32 Irish lifeboat crew have been lost in rescue missions, including the 15 crew of the Kingstown (now Dun Laoghaire) lifeboat which capsized while attempting to rescue the crew of the SS Palme on Christmas Eve 1895.


While the number of callouts to lifeboat stations varies from year to year, Howth Lifeboat station has aggregated more 'shouts' in recent years than other stations, averaging just over 60 a year.

Stations with an offshore lifeboat have a full-time mechanic, while some have a full-time coxswain. However, most lifeboat crews are volunteers.

There are 46 lifeboat stations on the island of Ireland

32 Irish lifeboat crew have been lost in rescue missions, including the 15 crew of the Kingstown (now Dun Laoghaire) lifeboat which capsized while attempting to rescue the crew of the SS Palme on Christmas Eve 1895

In 2019, 8,941 lifeboat launches saved 342 lives across the RNLI fleet.

The Irish fleet is a mixture of inshore and all-weather (offshore) craft. The offshore lifeboats, which range from 17m to 12m in length are either moored afloat, launched down a slipway or are towed into the sea on a trailer and launched. The inshore boats are either rigid or non-rigid inflatables.

The Irish Coast Guard in the Republic of Ireland or the UK Coastguard in Northern Ireland task lifeboats when an emergency call is received, through any of the recognised systems. These include 999/112 phone calls, Mayday/PanPan calls on VHF, a signal from an emergency position indicating radio beacon (EPIRB) or distress signals.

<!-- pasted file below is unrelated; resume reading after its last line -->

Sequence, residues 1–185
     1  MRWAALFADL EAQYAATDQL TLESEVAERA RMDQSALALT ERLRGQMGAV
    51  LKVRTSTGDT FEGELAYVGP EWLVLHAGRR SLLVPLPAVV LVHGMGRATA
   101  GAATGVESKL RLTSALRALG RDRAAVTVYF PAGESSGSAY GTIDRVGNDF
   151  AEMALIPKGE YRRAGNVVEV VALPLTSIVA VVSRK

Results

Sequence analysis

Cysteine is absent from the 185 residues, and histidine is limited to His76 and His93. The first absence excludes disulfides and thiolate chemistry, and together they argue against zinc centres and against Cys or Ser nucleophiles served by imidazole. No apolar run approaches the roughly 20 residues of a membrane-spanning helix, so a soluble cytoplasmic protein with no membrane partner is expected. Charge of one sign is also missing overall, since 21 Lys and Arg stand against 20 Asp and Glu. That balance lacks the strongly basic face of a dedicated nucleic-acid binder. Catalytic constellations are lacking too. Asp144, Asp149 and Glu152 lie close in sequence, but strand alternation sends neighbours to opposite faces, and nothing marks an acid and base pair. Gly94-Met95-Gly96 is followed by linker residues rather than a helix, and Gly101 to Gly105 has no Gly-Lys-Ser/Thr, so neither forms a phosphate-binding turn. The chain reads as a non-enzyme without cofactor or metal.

The Irish Coast Guard is the government agency responsible for the response to, and co-ordination of, maritime accidents which require search and rescue operations. To carry out their task the Coast Guard calls on their own resources – Coast Guard units manned by volunteers and contracted helicopters, as well as "declared resources" - RNLI lifeboats and crews. While lifeboats conduct the operation, the coordination is provided by the Coast Guard.

A lifeboat coxswain (pronounced cox'n) is the skipper or master of the lifeboat.

RNLI Lifeboat crews are required to follow a particular development plan that covers a pre-agreed range of skills necessary to complete particular tasks. These skills and tasks form part of the competence-based training that is delivered both locally and at the RNLI's Lifeboat College in Poole, Dorset


While the RNLI is dependent on donations and legacies for funding, they also need volunteer crew and fund-raisers.

© Afloat 2020